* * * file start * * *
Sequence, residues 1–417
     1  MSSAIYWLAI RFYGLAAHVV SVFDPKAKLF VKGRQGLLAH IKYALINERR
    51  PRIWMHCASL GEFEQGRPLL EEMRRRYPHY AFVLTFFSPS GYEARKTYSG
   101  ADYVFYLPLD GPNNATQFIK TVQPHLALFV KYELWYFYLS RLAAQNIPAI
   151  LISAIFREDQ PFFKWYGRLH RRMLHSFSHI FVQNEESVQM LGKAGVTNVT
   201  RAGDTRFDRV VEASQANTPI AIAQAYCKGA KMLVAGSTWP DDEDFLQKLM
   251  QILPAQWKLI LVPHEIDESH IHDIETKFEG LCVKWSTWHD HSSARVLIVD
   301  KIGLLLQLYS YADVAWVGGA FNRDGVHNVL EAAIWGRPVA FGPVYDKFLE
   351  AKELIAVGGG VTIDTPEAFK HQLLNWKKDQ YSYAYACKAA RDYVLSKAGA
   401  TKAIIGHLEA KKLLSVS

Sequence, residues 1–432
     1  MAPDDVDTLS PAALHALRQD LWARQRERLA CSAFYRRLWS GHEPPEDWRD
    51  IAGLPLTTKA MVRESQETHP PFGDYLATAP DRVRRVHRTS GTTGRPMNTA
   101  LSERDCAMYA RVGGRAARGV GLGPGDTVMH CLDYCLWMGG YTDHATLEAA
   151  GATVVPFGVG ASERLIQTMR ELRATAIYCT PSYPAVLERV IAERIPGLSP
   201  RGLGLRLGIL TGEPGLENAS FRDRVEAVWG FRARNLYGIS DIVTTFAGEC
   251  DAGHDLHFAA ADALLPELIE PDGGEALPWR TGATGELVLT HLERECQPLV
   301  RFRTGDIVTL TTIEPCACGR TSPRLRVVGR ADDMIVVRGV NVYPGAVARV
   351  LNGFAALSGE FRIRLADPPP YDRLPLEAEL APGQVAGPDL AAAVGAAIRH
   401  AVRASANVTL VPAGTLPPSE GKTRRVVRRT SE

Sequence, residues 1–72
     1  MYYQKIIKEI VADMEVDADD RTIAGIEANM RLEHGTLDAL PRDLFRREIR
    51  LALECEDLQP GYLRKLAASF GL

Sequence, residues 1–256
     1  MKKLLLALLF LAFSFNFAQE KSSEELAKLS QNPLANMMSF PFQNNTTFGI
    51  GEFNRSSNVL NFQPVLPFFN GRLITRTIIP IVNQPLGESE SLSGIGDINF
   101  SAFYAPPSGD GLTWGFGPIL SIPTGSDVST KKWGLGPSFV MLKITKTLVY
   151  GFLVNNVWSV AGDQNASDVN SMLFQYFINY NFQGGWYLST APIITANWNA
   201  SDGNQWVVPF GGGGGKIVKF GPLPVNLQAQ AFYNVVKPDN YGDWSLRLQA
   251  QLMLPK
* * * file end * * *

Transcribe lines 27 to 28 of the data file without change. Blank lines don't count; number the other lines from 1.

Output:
   101  SAFYAPPSGD GLTWGFGPIL SIPTGSDVST KKWGLGPSFV MLKITKTLVY
   151  GFLVNNVWSV AGDQNASDVN SMLFQYFINY NFQGGWYLST APIITANWNA